Background: Garlic has been suggested to lower blood pressure; however, studies evaluating this parameter have provided conflicting results.
Objective: To examine the effect of garlic on blood pressure in patients with and without elevated systolic blood pressure (SPB) through meta-analyses of randomized controlled trials.
Methods: A systematic search of MEDLINE, CINAHL, and the Cochrane Central Register of Controlled Trials was conducted to identify randomized controlled trials in humans evaluating garlic's effect on blood pressure. All databases were searched from their inception through June 26, 2008, using the key words garlic, Allium sativum, and allicin. A manual search of published literature was used to identify additional relevant studies. To be included in the analysis, studies must have been written in English or German and reported endpoints of SBP or diastolic blood pressure (DBP). Studies whose population had a mean baseline SBP greater than 140 mm Hg were evaluated separately from those whose population had lower baseline blood pressures. Garlic's effect on SBP and DBP was treated as a continuous variable and weighted mean differences were calculated using a random-effects model.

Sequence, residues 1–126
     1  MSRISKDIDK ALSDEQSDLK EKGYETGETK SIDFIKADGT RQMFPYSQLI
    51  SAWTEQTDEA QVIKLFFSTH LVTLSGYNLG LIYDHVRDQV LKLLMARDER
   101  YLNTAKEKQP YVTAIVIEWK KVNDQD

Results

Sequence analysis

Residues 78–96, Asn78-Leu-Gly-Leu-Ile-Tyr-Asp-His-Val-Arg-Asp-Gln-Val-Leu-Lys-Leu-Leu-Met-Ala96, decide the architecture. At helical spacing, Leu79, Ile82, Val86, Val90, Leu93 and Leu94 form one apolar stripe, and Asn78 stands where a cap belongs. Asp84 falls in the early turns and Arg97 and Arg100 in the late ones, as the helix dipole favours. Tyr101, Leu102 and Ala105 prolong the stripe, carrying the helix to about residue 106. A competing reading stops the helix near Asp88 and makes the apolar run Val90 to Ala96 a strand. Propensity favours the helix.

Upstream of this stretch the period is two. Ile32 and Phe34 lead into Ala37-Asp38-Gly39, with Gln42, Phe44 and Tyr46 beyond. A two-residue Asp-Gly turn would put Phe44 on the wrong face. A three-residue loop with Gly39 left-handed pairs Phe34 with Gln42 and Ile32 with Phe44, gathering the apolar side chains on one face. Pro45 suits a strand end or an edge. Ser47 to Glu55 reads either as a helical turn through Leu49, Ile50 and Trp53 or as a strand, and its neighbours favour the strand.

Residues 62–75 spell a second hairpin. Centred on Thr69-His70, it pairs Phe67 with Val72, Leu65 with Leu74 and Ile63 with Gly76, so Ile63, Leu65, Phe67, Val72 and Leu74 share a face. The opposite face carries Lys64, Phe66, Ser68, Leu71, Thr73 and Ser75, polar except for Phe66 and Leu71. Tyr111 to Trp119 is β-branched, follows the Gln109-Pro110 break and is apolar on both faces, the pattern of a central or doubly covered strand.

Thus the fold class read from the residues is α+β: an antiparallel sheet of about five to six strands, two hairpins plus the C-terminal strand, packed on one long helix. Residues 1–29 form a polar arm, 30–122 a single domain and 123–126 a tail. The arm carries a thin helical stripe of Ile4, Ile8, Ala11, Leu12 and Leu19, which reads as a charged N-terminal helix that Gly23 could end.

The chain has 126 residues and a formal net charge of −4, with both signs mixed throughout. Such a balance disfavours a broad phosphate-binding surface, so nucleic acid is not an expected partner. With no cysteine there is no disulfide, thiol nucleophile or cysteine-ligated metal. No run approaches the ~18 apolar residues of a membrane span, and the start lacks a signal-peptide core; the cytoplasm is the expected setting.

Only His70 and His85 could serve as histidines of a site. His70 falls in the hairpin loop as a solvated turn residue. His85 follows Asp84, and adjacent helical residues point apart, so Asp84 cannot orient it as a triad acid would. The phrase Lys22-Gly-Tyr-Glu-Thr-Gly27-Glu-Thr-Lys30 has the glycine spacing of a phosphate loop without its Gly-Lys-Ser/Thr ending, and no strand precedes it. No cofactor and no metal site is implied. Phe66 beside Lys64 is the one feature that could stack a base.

Results: Ten trials were included in the analysis; 3 of these had patients with elevated SBP. Garlic reduced SBP by 16.3 mm Hg (95% CI 6.2 to 26.5) and DBP by 9.3 mm Hg (95% CI 5.3 to 13.3) compared with placebo in patients with elevated SBP. However, the use of garlic did not reduce SBP or DBP in patients without elevated SBP. There was only a minor degree of heterogeneity in the analyses and publication bias did not appear to influence the results.
Conclusions: This meta-analysis suggests that garlic is associated with blood pressure reductions in patients with an elevated SBP although not in those without elevated SBP. Future research should focus on the impact of garlic on clinical events and the assessment of the long-term risk of harm.